I felt massively supported. Straight away the local community fired up and we received phone calls from people we have literally just met, just checking in to see if we were ok. The next day in town many shops and bars were open and people were chatting about their experience etc. GeoNet was giving constant updates and was very reassuring about the whole situation.

Was this the first earthquake you’ve ever felt? Was it how you imagined it could be?
It was the first earthquake and it was what I thought it would be like, apart from the disorientation.

I know you weren’t living in NZ during the 2011 quake, but have other people mentioned it? How have both quakes been compared to one another?
Not really but I’m aware the one in 2011 had more of a vibrating feel to it and this was more of a sway. There was a lot less damage from this quake despite it being higher magnitude than the one in 2011.

 

Gavin Farley is a British national who moved to Rangiora, New Zealand in 2015. Here is his Facebook post from 14 November:

The past 24hours have been pretty eventful as I'm sure you’re aware!!!! However we are all fine... Yes it was pretty scary being woken up around midnight with the shake which seemed to go on for ages... That however wasn't as scary as being woken again around 2:00am with the news a Tsunami warning had been issued and we were advised to head inland... I was sceptical as to whether to leave, but we did... When we got on the road the gravity of the situation became clearer as we followed a convoy of cars away from the coast and towards higher ground... But no Tsunami occurred and we made our way to Lucy's sisters in Oxford where we spent the remainder of the night. There has been no major damage to our immediate area as far as I'm aware an Lucy and I have both been to work today and in true NZ spirit it's been business as usual... We are all pretty tired as had very little sleep so will be off to bed soon!!!!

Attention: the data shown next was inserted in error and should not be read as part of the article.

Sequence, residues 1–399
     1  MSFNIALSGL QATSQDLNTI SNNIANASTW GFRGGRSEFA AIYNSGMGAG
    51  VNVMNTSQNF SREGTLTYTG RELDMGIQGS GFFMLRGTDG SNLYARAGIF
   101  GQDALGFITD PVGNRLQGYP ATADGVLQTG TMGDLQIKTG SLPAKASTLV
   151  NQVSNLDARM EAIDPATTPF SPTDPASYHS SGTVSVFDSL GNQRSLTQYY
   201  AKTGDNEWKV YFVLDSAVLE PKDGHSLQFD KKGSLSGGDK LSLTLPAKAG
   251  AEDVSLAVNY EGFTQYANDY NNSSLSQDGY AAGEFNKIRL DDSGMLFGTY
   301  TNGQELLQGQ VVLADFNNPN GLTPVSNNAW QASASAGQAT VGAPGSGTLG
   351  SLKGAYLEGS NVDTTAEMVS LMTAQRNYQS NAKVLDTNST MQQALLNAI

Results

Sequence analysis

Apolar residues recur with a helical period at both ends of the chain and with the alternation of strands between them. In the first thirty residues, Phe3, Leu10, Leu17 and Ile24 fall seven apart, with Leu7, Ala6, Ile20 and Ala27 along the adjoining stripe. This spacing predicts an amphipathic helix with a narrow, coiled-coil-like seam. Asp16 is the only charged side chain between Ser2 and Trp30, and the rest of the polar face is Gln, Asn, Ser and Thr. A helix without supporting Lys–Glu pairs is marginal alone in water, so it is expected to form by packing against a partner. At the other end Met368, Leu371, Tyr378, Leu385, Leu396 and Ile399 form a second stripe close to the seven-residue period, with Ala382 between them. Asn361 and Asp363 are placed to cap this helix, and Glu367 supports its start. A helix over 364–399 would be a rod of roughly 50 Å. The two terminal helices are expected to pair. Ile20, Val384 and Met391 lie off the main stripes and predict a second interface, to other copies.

'I've felt quakes before but this was the first one I'd actually 'seen'. By that I mean could actually see things moving including the house.'

Follow up

Describe your experience of the earthquake and how it has affected you and those around you.
I've felt quakes before but this was the first one I'd actually 'seen'. By that I mean could actually see things moving including the house... It was pretty surreal but after it had finished I just went back to sleep, then I got a call around 2am from a friend saying a Tsunami warning had been issued. I didn't really understand the gravity of this until we hit the road and saw heaps of cars heading in-land and then I knew this was for real! So we drove to my wife's sister place at Oxford which is 400+ metres above sea level and stayed there. However the next day I was back at work and it was 'business as usual', which brings me to answer one of your questions; the quake hasn't really affected me or any of my family or friends much, only my boss as he has a property in Kaikoura so was obviously concerned. He has managed to get up there but then there was a big aftershock and he's been stuck up there since. Apart from that down here it's almost like it never happened!

 

Sara McPherson is a British national who is currently living in Wellington. Two weeks after the quake she reflects on her experiences.

How did the quake affect you, your family, friends and community?
Well nobody went to work the day after the quake. We had been warned to stay out of the city centre as a lot of broken glass and debris had fallen from buildings. Public transport wasn't running and all of the shops apart from supermarkets were closed. Many office buildings in Wellington were badly damaged, some are still closed and others are being pulled down or are having major repairs done before they are safe for staff to return to work. We weren't allowed back into the building I work in for a week and a half as several pipes had burst and there was a lot of IT repair work to be done.

What were you thoughts when the quake was happening and afterwards?